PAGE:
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CES leaving Las Vegas after 52 years due to COVID-19

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One of the longest-running technology industry traditions is coming to an end after more than half a century, as the Consumer Technology Association today confirmed the 54th iteration of the Consumer Electronics Show won’t be returning to Las Vegas, its host city for 52 consecutive years. The organizers have been mulling over the idea of canceling CES 2021 for over half a year at this point, but with the novel coronavirus pandemic still raging on across the world, they ultimately had no other option but to give up on the Las Vegas Convention Center.

That isn’t to say the world’s largest showcase of (primarily consumer) electronics innovations won’t be happening at all; just that it’s going full digital for the first time ever. No specific dates have yet been announced, but the CTA confirmed it’s planning to stick with the early January window it usually targets.

As if CES tradition wasn’t complicated enough already

In a lot of ways, an online-only CES makes sense, but still feels wrong; the LVCC is essentially synonymous with the event itself at this point, having been its venue of choice on all but one occasion… kind of.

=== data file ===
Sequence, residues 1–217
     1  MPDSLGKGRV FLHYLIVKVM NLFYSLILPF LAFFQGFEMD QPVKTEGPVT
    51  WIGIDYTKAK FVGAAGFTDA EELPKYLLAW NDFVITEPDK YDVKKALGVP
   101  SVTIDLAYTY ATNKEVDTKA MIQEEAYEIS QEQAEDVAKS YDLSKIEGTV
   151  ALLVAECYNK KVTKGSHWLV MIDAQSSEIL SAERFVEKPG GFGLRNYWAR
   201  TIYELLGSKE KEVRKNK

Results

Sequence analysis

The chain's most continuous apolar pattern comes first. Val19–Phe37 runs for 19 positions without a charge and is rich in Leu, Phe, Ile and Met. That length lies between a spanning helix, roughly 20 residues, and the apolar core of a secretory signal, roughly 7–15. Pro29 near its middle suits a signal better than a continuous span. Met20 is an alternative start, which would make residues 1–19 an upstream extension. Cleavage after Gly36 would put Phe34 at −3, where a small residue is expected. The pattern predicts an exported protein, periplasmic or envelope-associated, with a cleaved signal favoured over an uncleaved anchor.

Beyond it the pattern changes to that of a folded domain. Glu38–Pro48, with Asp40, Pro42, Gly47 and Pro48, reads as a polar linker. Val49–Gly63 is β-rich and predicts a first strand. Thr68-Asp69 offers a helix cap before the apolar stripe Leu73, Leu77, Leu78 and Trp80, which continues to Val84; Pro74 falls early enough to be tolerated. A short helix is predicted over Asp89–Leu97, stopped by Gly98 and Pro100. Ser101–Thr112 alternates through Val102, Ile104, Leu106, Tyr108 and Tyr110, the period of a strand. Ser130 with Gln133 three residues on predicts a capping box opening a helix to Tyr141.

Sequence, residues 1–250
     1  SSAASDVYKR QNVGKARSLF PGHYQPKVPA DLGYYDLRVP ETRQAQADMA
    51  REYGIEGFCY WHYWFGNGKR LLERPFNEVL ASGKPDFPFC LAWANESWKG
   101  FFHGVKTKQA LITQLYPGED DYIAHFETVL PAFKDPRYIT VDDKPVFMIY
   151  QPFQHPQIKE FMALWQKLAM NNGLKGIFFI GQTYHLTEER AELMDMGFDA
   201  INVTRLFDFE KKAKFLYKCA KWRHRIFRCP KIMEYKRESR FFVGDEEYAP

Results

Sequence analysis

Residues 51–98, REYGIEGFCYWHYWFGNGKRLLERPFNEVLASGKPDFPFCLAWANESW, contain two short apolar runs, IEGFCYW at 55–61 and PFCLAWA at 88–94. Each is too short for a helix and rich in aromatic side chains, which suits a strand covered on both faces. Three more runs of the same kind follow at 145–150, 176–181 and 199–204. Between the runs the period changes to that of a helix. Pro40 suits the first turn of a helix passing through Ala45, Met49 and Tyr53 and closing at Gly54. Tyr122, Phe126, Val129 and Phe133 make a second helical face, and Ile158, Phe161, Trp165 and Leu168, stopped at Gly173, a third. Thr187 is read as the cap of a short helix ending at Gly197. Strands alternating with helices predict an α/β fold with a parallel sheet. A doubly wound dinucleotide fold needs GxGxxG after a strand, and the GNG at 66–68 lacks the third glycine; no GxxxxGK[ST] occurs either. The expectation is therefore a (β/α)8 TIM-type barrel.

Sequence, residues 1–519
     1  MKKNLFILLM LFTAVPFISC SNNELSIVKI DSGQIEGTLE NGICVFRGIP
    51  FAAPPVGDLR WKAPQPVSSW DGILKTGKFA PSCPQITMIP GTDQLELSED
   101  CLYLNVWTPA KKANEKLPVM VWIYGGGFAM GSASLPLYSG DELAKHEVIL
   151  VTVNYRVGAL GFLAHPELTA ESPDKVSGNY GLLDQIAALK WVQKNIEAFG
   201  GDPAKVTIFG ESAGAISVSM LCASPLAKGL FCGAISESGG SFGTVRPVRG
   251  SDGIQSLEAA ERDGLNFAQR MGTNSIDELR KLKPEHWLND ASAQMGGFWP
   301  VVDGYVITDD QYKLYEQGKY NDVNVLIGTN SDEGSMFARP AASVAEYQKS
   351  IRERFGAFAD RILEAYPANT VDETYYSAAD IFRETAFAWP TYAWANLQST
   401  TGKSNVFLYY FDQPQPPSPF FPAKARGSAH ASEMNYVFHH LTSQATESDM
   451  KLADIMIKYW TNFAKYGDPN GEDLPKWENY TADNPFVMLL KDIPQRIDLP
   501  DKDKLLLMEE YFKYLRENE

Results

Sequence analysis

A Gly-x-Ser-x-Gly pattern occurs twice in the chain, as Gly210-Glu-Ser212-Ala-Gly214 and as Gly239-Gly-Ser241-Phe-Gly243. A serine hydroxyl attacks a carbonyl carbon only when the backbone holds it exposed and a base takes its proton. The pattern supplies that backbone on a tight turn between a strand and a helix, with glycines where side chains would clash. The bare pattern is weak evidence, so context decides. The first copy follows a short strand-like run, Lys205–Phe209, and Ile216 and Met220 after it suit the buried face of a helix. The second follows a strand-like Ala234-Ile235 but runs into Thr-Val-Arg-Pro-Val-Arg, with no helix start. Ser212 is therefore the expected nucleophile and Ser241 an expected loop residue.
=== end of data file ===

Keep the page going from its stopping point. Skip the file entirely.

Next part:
To be more specific, the seminal iteration of the happening took place in New York City, having been launched as a Chicago Music Show spin-off back in ’67. One event is all it took for the tech industry of yonder to conclude that Broadway and IT engineering simply aren’t a good fit for each other. The aforementioned complication is that CES was actually a bi-annual happening from ’78 to ’94: Las Vegas hosted it every January as the Winter Consumer Electronics Show, after which the CTA would head toward Chicago which had its very own Summer Consumer Electronics Show every June.

These days, everyone is pretty much pretending WCES and SCES weren’t pretty much the same thing, which is why the latter ended up being abandoned as attending enthusiasts and industry professionals caught on to that fact.

Further adding to the CTA’s coronavirus-induced headache is the fact that a completely digital CES will likely be a financial disaster compared to any potential physical alternative. Of course, neither is the century-old trade union desperate to turn a quick buck on CES, nor is anyone seriously critical of this call given how an economic slump is way more preferable to role-playing the plot of The Division. It’s not like this year’s CES wasn’t already under scrutiny over the role it might have played in enabling the original COVID-19 wave that swept over the world.

The point is that all major CES conferences have already been live-streamed to the world free of charge for a good long while now, so if the CTA ends up chasing its usual demographic with a pitch amounting to several “highly personalized” broadcasts – which is exactly what it seems to be hinting at – 2021 may be even harsher on the legendary trade show than this year was.

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